Even today, there is still debate about what happened to Clara Blinn and her child. Some people say that they were victims of Custer’s blood lust and perished in the attack on Black Kettle’s village. Others say that they were not there and were being held by the Arapaho or the Kiowa, who also had villages in the area. A sign at the Washita Battlefield National Historic Site says that Clara and Willie were killed by Kiowa Chief Santana.

We will probably never know at whose hand their lives ended, but they were found a few days after Custer’s attack. Clara had a bullet hole in her forehead and had been scalped, and Willie’s body, with head injuries, was found next to hers. General Philip Sheridan removed a portion of the hem of Clara’s dress and a lock of Willie’s hair and later gave them to Richard Blinn.

They were buried at Fort Arbuckle, Indian Territory, and when the Army abandoned Fort Arbuckle two years later, it removed and reinterred the bodies in the cemetery at Fort Gibson, Oklahoma. Headstones at the cemetery do not carry their names, only Unknown Woman and Unknown Child.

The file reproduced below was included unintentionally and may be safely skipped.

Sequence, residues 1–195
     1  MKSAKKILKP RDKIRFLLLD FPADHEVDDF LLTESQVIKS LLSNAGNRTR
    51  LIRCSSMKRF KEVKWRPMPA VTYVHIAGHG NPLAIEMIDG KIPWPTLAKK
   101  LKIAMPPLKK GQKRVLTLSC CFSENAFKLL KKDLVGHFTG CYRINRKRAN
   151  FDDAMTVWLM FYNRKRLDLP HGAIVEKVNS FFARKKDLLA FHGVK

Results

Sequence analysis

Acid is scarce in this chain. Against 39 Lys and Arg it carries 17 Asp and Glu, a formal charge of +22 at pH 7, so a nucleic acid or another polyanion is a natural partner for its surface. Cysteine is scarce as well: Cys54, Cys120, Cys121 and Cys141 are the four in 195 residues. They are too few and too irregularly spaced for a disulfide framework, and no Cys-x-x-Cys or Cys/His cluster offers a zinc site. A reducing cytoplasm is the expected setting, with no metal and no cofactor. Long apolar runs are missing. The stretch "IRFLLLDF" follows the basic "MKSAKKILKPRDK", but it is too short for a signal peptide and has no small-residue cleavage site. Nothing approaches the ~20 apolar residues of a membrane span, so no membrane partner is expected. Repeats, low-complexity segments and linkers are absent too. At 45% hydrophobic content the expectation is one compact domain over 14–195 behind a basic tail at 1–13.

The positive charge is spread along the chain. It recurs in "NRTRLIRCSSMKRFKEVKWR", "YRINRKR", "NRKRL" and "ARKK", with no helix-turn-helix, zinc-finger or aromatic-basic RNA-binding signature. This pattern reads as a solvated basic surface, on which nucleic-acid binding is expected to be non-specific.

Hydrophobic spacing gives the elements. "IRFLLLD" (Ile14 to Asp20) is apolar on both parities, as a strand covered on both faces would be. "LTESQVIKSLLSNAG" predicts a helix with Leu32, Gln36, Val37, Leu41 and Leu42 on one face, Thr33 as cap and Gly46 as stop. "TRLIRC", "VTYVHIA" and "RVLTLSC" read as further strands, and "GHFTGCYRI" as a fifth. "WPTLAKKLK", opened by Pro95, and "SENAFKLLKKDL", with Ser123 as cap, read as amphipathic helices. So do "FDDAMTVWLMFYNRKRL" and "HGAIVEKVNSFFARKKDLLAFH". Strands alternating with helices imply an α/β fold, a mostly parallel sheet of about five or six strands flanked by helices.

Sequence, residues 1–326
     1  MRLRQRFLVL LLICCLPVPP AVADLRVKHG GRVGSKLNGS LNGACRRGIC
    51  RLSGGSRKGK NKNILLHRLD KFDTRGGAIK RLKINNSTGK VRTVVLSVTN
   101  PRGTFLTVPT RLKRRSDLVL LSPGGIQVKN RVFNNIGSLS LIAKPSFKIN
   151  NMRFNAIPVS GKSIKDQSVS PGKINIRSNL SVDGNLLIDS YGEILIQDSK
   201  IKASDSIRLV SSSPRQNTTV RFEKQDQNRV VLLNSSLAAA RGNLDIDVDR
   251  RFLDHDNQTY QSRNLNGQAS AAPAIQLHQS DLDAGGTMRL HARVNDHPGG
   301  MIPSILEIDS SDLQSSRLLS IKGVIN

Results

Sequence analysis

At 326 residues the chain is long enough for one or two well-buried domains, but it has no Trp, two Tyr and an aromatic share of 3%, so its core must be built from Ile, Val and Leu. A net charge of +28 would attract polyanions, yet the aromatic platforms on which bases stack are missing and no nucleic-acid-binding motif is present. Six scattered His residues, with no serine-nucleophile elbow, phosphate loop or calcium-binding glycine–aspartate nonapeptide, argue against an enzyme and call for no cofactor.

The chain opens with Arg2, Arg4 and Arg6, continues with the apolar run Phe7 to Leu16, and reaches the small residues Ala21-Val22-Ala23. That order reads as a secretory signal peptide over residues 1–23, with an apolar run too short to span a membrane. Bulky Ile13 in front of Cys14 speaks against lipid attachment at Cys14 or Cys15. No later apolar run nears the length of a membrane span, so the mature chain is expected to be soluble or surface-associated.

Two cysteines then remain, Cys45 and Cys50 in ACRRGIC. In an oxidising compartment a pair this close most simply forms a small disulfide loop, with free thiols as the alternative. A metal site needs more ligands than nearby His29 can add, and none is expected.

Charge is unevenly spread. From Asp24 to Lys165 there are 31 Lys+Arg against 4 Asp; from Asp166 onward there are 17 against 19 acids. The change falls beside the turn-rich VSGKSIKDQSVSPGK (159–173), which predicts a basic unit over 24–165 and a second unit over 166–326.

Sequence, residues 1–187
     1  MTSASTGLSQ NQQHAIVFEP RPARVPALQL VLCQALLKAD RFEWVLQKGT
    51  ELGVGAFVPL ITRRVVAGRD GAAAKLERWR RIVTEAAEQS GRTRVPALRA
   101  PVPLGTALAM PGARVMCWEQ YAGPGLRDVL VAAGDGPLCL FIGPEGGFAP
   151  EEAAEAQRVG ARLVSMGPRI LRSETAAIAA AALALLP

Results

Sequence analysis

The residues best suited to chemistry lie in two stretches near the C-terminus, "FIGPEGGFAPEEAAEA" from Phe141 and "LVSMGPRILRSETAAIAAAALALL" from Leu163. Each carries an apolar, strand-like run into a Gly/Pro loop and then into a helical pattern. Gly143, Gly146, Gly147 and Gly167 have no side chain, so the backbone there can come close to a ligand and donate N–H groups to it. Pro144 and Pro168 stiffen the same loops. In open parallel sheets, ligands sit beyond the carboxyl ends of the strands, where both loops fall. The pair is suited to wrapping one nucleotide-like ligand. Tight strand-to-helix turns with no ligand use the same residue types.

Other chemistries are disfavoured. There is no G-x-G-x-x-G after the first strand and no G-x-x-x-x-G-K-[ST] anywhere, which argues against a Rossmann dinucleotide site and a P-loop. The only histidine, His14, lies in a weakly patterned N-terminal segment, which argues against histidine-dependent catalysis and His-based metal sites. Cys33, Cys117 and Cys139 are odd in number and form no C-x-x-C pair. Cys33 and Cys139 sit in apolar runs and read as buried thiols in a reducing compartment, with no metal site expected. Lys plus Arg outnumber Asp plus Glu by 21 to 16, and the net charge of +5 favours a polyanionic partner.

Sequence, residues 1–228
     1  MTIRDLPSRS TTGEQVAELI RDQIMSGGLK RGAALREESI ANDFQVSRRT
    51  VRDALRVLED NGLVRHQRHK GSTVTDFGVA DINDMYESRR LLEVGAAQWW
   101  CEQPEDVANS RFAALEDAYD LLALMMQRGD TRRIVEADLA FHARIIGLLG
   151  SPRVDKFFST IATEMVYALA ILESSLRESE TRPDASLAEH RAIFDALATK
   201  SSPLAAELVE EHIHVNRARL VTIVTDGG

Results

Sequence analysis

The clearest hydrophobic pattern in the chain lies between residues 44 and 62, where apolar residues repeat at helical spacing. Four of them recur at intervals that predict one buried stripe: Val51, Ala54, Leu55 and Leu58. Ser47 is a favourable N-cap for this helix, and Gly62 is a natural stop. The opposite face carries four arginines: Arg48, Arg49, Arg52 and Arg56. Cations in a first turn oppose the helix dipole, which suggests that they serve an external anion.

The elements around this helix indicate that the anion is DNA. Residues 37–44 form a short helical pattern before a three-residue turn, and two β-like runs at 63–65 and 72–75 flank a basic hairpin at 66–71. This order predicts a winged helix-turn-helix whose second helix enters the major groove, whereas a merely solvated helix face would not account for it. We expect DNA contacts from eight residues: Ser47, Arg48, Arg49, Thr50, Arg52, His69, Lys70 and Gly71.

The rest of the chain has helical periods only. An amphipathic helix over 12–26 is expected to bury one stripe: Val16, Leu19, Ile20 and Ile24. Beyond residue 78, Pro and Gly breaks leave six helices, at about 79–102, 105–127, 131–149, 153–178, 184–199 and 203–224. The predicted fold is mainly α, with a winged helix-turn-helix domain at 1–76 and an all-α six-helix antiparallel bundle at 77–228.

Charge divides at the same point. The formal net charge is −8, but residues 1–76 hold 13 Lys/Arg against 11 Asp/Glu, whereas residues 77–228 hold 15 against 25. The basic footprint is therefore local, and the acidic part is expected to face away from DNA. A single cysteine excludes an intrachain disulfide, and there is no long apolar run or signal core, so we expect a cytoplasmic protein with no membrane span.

For his part, a heartbroken Richard Blinn is said to have gone to the site of his wife and son’s murders, where he picked up three pebbles to symbolize the family he once had. It was not just Richard’s heart that was broken, his health was failing, too. He returned to Perrysburg, Ohio alone. He never talked much and kept to himself. He died of tuberculosis in 1872, at age 30.

Richard Blinn was buried at Fort Meigs in Perrysburg, and his headstone includes the names of his wife and son, even though they remain buried at Fort Gibson. While his body was being prepared for burial, in his pocket was found the same three pebbles he had picked up at the Washita River. He carried them until his death as a reminder of what he had lost, and they were buried with him.